ngin - Norfolk Genetic Information Network

17 January 2002


New E. coli study could shed light on movement of GM bacteria by Robert Schubert, CropChoice editor, and E. Ann Clark, professor of plant agriculture at the University of Guelph

(Jan. 16, 2002 - CropChoice news) -- A recent study published in the January 2002 edition of Applied and Environmental Microbiology documents the transmission of a potentially pathogenic strain of E. coli from manure-contaminated soil and water into the roots and leaves of lettuce plants.  Officials at the USDA funded the study by microbiologist Karl Matthews and his colleagues at Rutgers University out of concern about the microbial quality of soil and irrigation water.

Should the results of this study call into question the safety of using manure and compost for fertilization of crops?  Not according to Matthews, senior author, who says it’s not a concern.  Others, including E. Ann Clark, co-author of this article, point out that the Rutgers study may shed light on the pathways of movement of genetically engineered bacteria amongst soil, plants and insects.

After growing lettuce in composted manure, each gram of which they had inoculated at a rate of 100 million E. coli 0157:H7 organisms, the Rutgers research team documented a buildup of the pathogenic bacterium within plant leaves.  Because the accumulation was within the leaves, not on them, simply washing the leaves in water would not cleanse or remove them.

One point deserves emphasis. The amounts of the E. coli bacterium that his team applied in the laboratory were much, much greater than would occur in nature, where they would be "below a level of detection," Matthews says.  The pathogen was also applied post-composting, whereas in the real world, the heat generated by the composting process is intended to kill it.

"Composting, a key component of organic farming, is a pathogen reduction process," writes biologist David G. Patriquin in his report, "Reducing Risks from E. coli 0157 on the Organic Farm."
"Under experimental conditions, most bacterial pathogens are killed by exposure to temperatures of 55-60oC for a few hours or less (8).  Such temperatures are achieved and last for days to weeks in the thermophilic stage of composting. Canadian commercial compost standards require that under windrow composting a temperature of 55 degrees Celsius or greater is maintained for at least 15 days during the composting period and that during this period, the compost is turned at least five times (20). For industrial composting systems in which the composting process is conducted indoors, is closely monitored and controlled, and for which different sets of equipment are used at earlier and later stages of processing to avoid reintroduction of pathogens, a high degree of consistency in the elimination of pathogens can be achieved."

Nonetheless, the next logical step from this important new study would be to determine the likelihood of detecting pathogenic E. coli in farm-grown vegetables.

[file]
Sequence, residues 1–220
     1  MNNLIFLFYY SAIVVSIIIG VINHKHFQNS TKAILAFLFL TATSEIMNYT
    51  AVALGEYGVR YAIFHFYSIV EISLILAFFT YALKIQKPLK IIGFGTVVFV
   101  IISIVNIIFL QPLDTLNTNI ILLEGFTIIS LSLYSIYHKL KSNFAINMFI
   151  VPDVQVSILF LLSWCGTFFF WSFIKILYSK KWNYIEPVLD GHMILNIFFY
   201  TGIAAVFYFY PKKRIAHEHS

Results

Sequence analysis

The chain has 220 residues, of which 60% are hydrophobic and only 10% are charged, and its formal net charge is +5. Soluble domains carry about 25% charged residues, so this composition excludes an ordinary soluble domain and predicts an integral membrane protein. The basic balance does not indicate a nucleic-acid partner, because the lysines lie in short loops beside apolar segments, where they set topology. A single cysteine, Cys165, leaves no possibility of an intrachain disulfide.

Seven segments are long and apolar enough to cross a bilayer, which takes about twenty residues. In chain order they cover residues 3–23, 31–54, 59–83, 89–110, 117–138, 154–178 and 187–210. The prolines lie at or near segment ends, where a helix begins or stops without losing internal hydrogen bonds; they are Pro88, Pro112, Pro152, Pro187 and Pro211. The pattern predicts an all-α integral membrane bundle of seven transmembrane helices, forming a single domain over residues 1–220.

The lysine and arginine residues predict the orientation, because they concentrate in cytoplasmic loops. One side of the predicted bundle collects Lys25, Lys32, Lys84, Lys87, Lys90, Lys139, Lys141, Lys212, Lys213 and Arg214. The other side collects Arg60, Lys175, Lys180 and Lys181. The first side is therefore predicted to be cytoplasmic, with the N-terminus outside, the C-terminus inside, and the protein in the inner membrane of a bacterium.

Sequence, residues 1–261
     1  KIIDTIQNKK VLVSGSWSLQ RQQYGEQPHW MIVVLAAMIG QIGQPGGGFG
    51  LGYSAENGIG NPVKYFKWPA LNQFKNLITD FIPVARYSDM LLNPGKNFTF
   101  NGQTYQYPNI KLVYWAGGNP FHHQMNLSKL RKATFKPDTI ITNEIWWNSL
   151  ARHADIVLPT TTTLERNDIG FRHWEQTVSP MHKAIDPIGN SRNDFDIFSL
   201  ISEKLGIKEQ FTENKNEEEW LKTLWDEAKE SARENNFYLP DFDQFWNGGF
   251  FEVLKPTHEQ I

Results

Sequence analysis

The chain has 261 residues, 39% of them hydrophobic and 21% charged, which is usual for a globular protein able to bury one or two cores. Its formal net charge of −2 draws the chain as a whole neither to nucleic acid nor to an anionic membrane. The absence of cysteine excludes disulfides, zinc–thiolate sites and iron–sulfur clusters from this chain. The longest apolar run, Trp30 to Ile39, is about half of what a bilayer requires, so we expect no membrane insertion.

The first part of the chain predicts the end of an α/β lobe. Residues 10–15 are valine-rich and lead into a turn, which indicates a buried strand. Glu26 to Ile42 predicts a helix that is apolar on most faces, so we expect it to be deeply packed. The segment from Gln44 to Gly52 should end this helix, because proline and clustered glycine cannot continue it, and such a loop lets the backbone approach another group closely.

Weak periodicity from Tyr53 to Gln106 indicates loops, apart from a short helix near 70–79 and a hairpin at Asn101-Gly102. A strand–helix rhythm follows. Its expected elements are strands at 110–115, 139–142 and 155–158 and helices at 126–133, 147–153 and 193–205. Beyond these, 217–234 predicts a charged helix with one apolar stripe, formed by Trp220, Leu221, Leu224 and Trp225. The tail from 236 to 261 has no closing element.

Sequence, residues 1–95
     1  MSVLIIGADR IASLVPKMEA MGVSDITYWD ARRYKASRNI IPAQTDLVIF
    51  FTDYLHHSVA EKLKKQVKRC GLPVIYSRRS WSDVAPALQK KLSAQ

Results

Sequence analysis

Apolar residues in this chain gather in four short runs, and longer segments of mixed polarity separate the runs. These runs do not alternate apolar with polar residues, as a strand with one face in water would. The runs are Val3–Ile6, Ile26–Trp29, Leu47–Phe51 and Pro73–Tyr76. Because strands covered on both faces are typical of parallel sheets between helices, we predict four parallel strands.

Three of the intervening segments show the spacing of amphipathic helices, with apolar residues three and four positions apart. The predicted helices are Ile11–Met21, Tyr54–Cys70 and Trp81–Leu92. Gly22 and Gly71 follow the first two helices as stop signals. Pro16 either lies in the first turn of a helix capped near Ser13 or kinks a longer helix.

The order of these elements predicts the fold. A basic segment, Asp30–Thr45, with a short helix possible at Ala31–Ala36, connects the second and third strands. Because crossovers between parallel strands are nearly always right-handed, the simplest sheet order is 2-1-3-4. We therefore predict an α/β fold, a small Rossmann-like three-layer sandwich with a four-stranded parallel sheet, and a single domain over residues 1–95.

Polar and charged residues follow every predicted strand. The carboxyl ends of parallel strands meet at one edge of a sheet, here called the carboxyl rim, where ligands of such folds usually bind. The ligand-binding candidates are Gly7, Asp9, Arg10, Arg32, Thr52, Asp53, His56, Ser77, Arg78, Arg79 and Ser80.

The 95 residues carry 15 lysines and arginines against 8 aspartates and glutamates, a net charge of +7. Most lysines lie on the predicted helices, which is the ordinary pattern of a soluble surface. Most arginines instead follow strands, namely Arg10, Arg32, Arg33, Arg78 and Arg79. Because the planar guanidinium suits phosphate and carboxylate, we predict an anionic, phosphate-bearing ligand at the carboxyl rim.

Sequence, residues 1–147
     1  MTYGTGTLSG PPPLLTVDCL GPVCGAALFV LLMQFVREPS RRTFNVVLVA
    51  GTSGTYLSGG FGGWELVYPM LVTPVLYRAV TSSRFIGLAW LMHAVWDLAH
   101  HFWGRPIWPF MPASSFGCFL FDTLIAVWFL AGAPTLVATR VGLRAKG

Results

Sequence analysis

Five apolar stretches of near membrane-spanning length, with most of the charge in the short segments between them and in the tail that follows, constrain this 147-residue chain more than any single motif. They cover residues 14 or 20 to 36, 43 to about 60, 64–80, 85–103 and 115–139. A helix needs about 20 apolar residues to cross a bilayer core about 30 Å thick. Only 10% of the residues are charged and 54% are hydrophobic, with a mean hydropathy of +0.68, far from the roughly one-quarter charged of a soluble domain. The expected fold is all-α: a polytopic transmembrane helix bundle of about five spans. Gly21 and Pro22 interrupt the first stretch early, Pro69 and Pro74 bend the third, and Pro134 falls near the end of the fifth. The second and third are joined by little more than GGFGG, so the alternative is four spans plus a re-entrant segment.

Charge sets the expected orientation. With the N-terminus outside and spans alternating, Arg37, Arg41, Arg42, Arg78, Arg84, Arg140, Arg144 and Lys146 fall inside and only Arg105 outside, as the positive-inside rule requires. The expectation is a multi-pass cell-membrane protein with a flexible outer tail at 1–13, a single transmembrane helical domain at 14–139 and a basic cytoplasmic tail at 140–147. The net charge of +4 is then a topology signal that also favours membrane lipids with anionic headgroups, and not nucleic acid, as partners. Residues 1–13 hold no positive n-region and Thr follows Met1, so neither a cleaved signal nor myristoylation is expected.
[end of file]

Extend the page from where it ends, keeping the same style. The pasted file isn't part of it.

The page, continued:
Some critics of organic and other sustainable methods of growing food crops have argued, and might use this study to press their point, that the use of manure is dangerous.

"The vast majority of manure used in this country is supplied to chemical (non-organic) farms," says Brian Leahy, president of the California Certified Organic Farmers.  Yet, the USDA does not regulate the use of manure on chemical farms, whereas it does in organic agriculture.

Organic farmers do use composted plant and animal (manure) material and aged manure to fertilize their crops.  The California Certified Organic Farmers, a 1,000-member, non-profit organic trade association that includes a certification program, surveyed its member farmers in 1998 about their fertilization methods.  According to the results:

71 percent used cover crops,
62 percent used compost, of which 21 percent produced the compost on their farm,
30 percent used aged manure,
47 percent used gypsum, lime or other materials,
22 percent used blended fertilizers,
8 percent used sodium nitrate,
and 5 percent used raw manure.

Leahy notes the use of raw manure in organic agriculture is declining rapidly.

The following protocol must be followed to ensure the thermal destruction of most organisms in composting plant and animal (manure) materials:

 For vessel or static-aerated pile system, the temperature must remain between 131 degrees and 170 degrees Fahrenheit for three consecutive days. In a windrow system, the temperature range is the same, but the duration is 15 consecutive days.

The rule on any non-composted manure, including aged and raw, is that growers may not apply it to plants whose edible portions have direct contact with the soil any sooner than 120 days before harvest.  For orchard crops and others who edible parts don’t touch the soil, the rule
is 90 days.

The standards from Organic Crop Producers and Processors/Pro-CERT, one of the largest organic certifiers in Canada, discourage raw manure.  If applied, the standards impose strict time limits on when manured crops can be harvested (4 months) and a prohibition on using uncomposted manure directly on edible crops.  See

Also important to remember is that there are thousands of strains of E. coli bacteria, many of which aren’t pathogenic; some of those are sitting in our stomachs right now.